Over 9 million could be living in fuel poverty by 2016

Campaigners call on the Government to give £4bn of carbon tax revenue to homes most at need

More than nine million households will be living in fuel poverty within four years unless the Government directs £4bn a year from carbon taxes to families in greatest need, campaigners warn.

Click here to see the 'Burning money: The rise of fuel poverty' graphic

More Britons die every year from living in a cold home than on the roads, they said, with the situation expected to worsen sharply because of soaring utility bills.

A new study has revealed that there are a million more households already living in fuel poverty compared with previous estimates, taking the total to 6.4 million. The study, by energy efficiency experts Camco, suggests that the total will hit 9.1 million by 2016.

Mike O'Connor, chief executive of Consumer Focus, said: "It is a harsh truth that an effective strategy to transform the energy efficiency of our homes and to tackle growing numbers in fuel poverty will need far greater ambition and resources. Billions of pounds will go directly from our energy bills to the Exchequer as part of schemes to cut carbon emissions. That money could reap a double benefit if it was directed to reduce massively our wasteful consumption of energy."

The campaign, called the Energy Bill Revolution, was created by Transform UK, a not-for-profit organisation.

Ed Matthew, of Transform UK, said: "More people die every year in the UK from living in a cold home than die on our roads. Millions more struggle to make ends meet in the face of high energy bills. This is a national scandal."

Camco reckons that if the Government's annual £4bn revenue were recycled to households to spend on energy efficiency measures, it would be enough to bring nine out of 10 households out of fuel poverty. It could also be used to create 200,000 jobs and quadruple carbon emission cuts compared to the Government's new energy efficiency schemes, it claims.

Mr Matthew said that if carbon revenue – from the EU Emissions Trading Scheme and Carbon Floor Price – were recycled back to households to spend on energy efficiency measures, it could be used to help all households or used to support the most vulnerable.

"It could provide, for example, an average grant of £6,500 to make 600,000 fuel-poor homes highly energy efficient every year," he said.

"This would bring down their energy bills each year by £310 and remove nine out of 10 homes from fuel poverty in 15 years. The rest would have their homes brought up to the energy efficiency standard of a home built today."

A petition is being launched today at www.energybillrevolution.org to raise support for the Energy Bill Revolution campaign. It is already backed by more than 50 charities, unions, consumer groups and businesses, including Save the Children, the National Pensioners' Convention, Consumer Focus and the Co-operative Group.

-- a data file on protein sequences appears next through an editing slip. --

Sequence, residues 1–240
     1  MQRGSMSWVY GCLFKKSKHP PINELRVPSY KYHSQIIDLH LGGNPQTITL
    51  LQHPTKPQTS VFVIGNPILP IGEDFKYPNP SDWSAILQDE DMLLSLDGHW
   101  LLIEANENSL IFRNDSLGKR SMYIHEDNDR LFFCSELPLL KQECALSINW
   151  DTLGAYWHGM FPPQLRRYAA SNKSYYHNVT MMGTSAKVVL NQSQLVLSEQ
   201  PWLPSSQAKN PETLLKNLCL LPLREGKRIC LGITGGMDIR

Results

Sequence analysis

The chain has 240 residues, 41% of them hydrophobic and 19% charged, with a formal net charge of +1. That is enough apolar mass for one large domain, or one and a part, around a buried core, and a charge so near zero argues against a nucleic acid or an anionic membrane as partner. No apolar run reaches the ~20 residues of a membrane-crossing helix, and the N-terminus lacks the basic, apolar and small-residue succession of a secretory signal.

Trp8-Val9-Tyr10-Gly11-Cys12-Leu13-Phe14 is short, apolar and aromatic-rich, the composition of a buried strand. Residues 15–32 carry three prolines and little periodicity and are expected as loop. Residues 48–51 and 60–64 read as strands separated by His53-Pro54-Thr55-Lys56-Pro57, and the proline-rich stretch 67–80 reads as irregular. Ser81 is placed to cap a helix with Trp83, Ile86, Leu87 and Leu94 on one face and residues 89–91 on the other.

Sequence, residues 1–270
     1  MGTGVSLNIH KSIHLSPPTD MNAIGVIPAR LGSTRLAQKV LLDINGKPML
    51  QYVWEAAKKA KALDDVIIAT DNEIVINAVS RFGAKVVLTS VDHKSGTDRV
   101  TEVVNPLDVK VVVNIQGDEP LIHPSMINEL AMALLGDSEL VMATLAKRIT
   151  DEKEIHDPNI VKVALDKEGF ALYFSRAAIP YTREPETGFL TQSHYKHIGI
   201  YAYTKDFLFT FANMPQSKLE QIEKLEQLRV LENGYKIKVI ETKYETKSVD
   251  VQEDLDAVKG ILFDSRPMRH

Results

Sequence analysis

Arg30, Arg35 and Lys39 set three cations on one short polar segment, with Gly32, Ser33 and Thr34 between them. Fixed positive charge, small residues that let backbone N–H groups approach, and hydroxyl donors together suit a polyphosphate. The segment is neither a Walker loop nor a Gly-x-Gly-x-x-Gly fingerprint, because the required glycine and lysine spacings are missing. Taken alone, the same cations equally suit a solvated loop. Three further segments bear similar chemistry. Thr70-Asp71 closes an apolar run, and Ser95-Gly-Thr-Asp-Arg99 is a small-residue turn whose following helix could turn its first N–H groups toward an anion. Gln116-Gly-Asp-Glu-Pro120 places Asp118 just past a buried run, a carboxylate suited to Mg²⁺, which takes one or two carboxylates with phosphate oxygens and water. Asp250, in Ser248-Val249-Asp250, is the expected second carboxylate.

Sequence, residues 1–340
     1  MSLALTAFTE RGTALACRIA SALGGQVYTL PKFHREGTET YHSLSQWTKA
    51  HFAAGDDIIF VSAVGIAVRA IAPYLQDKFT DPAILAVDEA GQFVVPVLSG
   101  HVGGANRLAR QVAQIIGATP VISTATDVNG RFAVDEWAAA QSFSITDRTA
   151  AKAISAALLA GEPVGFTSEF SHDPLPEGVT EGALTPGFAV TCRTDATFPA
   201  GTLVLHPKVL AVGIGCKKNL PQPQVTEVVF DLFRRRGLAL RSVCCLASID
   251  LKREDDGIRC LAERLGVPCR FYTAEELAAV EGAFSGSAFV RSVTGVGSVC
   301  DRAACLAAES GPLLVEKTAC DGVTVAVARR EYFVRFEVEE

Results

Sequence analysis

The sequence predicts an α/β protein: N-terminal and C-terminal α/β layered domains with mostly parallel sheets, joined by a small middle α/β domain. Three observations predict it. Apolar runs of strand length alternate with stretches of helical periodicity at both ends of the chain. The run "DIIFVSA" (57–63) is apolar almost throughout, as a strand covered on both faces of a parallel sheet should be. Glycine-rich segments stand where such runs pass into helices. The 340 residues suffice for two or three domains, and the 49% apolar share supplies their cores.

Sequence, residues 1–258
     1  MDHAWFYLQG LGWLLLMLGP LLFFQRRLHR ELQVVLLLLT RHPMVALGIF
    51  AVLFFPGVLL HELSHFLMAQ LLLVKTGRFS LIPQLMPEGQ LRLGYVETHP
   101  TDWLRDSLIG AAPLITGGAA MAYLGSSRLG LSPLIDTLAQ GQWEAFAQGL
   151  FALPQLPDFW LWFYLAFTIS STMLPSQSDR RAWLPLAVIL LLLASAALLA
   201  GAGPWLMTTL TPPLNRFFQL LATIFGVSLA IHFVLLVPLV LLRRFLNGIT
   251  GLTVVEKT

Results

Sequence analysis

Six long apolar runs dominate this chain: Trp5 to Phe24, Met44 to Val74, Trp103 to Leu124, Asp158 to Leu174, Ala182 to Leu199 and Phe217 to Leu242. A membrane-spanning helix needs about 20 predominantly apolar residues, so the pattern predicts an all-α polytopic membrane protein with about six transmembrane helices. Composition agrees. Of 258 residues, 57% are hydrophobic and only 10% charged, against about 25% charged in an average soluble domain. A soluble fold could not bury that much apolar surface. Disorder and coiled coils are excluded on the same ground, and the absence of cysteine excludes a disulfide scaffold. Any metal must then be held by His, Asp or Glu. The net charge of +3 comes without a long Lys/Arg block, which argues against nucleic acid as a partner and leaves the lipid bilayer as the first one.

Paul Monaghan, head of social goals at the Co-operative, said: "The UK can get to grips with fuel poverty and not only keep carbon emissions reducing, but secure increased buy-in from the general public. Right now the elderly and poor suffer the most, but left unchecked this is going to become an issue for everyday families."

Last week the children's charity Barnardo's said rising energy prices have left the poorest families £450 short of being able to adequately heat their homes. Barnardo's chief executive Anne Marie Carrie said: "We need to get serious about tackling fuel poverty. Families should never have to choose between whether to heat their homes or put food on the table for children."

She said poorer families are most hit by energy companies because they use pre-payment meters to pay off debt and to pay for gas and electricity.

"Effectively these families are being penalised by their payment method at a time when they need the most financial help," she said. "Energy companies have a moral duty to behave responsibly by ensuring that the poorest families are on the lowest tariffs available and that prices for pre-payment meters are brought down to the same rates as online tariffs."

She urged the Government to tackle fuel poverty by bringing forward the requirement on landlords to make their properties energy efficient for tenants.

Case study: 'I worried about the kids' health'

Lesley Perry lives with her husband Matthew and their five children in a large, high-ceilinged property in Bournemouth. It seemed like a "God-send" when they moved in, amid a shortage of council homes, but they were soon crippled with fuel poverty. The family are currently being supported by a Barnardo's children's centre.